Entaglement of Humpback Whales in Fishing Gear: Description of Injuries and Entanglement Patterns
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In the Gulf of Maine, the entanglement of humpback whales in fishing gear is a substantial source of human-caused mortality. The current mortality and serious injury of humpback whales in the Gulf of Maine is twice the Potential Biological Removal (PBR) level set for this population. Researchers and managers are challenged to reduce entanglement to below PBR without extensive information on many important factors. The goal of this study was to describe entanglement injuries and investigate whether different fishing gear types, particularly pot and net fisheries, resulted in distinctive entanglement patterns of humpback whales from the Gulf of Maine. I searched the Center for Coastal Studies' entanglement database for whales that fit the following criteria: the entanglement occurred between 1995 and 2002, the whale was photographed during the disentanglement, and the gear type or line type of the entangling gear was known. Sixteen cases were identified that fit the criteria. Three cases involved entanglements in pot fishery gear, four in net gear, and nine cases with known line type. I qualitatively analyzed photographs from these sixteen cases to describe the injuries and to investigate whether any entanglement patterns could be determined based on gear type in terms of location of entanglement on whale, presence of trailing gear, presence of buoys or high flyers, free swimming versus anchored in gear, disentanglement success, or type of injury. I was unable to find a relationship between entangling gear type and any of the factors assessed. I discuss potential reasons for the finding of no relationship as well as considerations for future research in this area.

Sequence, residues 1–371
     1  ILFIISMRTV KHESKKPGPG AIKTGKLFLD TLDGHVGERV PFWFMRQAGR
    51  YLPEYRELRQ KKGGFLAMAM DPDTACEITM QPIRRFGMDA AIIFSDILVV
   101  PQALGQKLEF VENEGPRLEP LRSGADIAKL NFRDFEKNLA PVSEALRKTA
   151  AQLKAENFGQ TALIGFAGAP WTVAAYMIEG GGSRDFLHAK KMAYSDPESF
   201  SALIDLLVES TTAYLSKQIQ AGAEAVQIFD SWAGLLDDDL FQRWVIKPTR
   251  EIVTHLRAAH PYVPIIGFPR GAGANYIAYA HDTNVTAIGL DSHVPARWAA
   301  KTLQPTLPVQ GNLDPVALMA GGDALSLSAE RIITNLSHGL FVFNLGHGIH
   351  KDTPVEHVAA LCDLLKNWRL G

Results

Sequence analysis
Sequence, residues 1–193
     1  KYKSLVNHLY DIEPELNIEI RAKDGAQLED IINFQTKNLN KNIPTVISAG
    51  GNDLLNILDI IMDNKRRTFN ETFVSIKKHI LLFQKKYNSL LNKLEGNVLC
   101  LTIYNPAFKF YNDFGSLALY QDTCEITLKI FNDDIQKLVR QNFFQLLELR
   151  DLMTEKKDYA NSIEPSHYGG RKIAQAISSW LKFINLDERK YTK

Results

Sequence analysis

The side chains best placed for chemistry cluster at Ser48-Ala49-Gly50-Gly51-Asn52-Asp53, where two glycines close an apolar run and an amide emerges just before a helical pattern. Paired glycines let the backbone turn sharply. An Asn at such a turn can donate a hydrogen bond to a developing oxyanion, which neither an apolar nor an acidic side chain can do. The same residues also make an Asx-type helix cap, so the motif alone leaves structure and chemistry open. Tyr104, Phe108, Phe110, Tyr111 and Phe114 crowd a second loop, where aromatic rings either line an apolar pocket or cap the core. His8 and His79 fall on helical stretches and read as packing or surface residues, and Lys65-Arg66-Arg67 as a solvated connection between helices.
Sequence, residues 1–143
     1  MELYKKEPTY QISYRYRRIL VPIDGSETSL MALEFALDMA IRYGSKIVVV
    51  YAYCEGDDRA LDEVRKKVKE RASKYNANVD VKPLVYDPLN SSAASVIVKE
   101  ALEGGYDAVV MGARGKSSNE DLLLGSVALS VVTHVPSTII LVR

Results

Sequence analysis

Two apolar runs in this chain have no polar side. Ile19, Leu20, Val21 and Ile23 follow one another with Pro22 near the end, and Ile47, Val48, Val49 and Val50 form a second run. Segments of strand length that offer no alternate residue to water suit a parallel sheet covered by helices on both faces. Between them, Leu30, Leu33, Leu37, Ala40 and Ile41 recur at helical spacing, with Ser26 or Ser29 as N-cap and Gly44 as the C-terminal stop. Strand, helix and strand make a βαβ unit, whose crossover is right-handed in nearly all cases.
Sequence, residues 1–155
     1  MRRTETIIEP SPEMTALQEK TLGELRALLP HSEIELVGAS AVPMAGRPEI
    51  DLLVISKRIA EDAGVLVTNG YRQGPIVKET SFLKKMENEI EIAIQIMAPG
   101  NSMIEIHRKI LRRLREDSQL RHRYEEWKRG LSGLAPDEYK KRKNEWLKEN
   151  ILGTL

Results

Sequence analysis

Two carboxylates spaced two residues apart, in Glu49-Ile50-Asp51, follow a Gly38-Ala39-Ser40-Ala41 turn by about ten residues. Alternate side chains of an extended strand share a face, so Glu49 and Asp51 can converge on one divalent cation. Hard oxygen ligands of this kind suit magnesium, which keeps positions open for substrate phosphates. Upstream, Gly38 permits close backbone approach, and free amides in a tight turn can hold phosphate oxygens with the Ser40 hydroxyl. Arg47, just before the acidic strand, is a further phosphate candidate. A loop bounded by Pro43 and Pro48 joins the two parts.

SubjectGulf of Maine
Humpback whales (Megaptera novaeangliae)
Potential Biological Removal (PBR)
CitationMooney, Melissa S. (2003). Entaglement of Humpback Whales in Fishing Gear: Description of Injuries and Entanglement Patterns. Master's project, Duke University. Retrieved from https://hdl.handle.net/10161/269.
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Rights for Collection: Nicholas School of the Environment